After more than three quarters of a century, women will for the first time be included on the membership rolls of Augusta National Golf Club, one of the most exclusive clubs in the world and the host of the Masters. Former National Security Advisor Condoleezza Rice and executive Darla Moore were the first two women chosen to be allowed to play at the course.
Throughout its history, Augusta has been under fire for its less-than-widely-inclusive membership practices; Augusta had refused to include black members until 1991.
In 2002, the club’s leadership clashed with Martha Burk, then president of the National Council of Women’s Organizations, over its male-only membership policy. At the time, Augusta National chairman Hootie Johnson had this to say, “Our membership is single gender just as many other organizations and clubs all across America. These would include Junior Leagues, sororities, fraternities, Boy Scouts, Girl Scouts, and countless others. And we all have a moral and legal right to organize our clubs the way we wish.”
The executive editor of Golf World Magazine, Ron Sirak, said today’s announcement was “an inevitability.”
“There are many, many more women in power in the business world,” he said. “Augusta finally had to take this issue on.”
The issue of gender discrimination at Augusta came to a head after the Club did not allow female IBM CEO Ginni Rometty to join them earlier this year, despite IBM’s membership with Augusta.
But the admittance of women into Augusta is much bigger than just a round of golf — frankly, it was never just about golf.
“This is about business, old boys’ clubs at the very highest levels of corporate America and keeping women out,” said Katherine Spillar, executive vice president of the Feminist Majority Foundation and the executive editor of Ms. Magazine.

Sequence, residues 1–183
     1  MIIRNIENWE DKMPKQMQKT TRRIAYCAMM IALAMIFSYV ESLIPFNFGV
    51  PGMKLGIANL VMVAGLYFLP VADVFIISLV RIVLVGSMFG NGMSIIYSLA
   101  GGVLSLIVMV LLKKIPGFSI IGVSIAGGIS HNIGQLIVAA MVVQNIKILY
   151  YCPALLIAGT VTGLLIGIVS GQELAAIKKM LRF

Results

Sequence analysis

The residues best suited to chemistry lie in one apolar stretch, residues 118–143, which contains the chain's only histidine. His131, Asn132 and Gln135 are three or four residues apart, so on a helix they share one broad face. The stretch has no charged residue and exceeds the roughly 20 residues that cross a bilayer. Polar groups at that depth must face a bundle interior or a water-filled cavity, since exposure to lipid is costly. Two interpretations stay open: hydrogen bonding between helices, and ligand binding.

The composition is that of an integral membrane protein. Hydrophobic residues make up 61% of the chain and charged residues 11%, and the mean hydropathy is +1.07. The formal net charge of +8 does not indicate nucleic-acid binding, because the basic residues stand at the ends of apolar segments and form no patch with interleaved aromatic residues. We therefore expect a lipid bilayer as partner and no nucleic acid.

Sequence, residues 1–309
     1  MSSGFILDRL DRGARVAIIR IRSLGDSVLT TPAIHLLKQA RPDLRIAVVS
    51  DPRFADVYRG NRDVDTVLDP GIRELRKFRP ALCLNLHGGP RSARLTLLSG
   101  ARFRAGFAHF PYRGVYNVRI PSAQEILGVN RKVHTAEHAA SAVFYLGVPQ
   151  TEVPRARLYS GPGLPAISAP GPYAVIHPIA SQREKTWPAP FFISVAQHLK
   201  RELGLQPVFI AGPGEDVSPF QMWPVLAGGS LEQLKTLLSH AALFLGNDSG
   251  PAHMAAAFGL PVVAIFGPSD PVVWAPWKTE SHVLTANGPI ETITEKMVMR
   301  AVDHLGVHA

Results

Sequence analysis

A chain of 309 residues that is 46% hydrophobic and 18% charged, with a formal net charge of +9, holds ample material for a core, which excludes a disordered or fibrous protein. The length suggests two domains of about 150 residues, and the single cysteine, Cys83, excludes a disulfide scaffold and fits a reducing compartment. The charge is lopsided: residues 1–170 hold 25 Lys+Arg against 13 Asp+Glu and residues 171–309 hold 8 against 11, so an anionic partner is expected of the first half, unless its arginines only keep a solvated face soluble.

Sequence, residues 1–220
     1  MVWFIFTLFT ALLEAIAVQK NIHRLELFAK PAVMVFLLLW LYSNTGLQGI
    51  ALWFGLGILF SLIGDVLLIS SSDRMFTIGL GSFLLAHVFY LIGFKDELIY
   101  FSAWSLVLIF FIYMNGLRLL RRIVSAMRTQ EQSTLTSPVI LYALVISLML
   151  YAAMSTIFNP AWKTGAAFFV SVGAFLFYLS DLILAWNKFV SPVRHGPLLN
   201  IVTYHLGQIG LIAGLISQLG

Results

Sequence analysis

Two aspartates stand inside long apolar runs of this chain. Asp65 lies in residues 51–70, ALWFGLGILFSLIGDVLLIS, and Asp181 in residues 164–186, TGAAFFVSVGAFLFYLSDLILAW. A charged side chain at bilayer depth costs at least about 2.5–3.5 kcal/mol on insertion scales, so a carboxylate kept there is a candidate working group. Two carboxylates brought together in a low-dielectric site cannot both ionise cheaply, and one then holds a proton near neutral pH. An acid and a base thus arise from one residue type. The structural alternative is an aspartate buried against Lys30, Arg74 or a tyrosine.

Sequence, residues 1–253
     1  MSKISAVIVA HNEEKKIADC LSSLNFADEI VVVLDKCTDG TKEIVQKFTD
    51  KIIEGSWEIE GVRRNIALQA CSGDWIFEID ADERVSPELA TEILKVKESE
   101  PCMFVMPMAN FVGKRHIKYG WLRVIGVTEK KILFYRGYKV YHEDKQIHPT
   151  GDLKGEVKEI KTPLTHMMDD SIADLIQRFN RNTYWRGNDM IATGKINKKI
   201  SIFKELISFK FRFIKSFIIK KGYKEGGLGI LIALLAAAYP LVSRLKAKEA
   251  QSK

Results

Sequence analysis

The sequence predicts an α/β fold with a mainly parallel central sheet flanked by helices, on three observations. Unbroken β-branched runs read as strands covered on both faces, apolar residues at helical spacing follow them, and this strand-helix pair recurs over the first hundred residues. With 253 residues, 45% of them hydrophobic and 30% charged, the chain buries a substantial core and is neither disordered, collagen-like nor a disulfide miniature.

Spillar went on to explain that Augusta is about access and networking — it’s about being on the field with some of the most powerful men from the U.S. and around the world.
“It’s one more barrier that has been knocked down for women and it means … business opportunities,” she said. “Before only men had the chance to be on the golf course or in the clubhouse with these people and [to] advantage their companies, advantage their workers and now that’s going to be increasingly open to women.”
As of today, Rice and Moore will now be able to don the iconic green jackets and break into the boys’ club so many others have been barred from entering.
“That’s what this club is all about: it’s about power and it’s about important people,” Sirak said. “The more women that break into that strata of corporate power, [the more] they’ll be reflected in the Club’s membership.”
How do you feel about Augusta allowing women as members? Why do you think they decided to allow women now and not before?
Ron Sirak, Executive Editor of Golf World
Katherine Spillar, Executive Vice President, Feminist Majority Foundation and Executive Editor, Ms.Magazine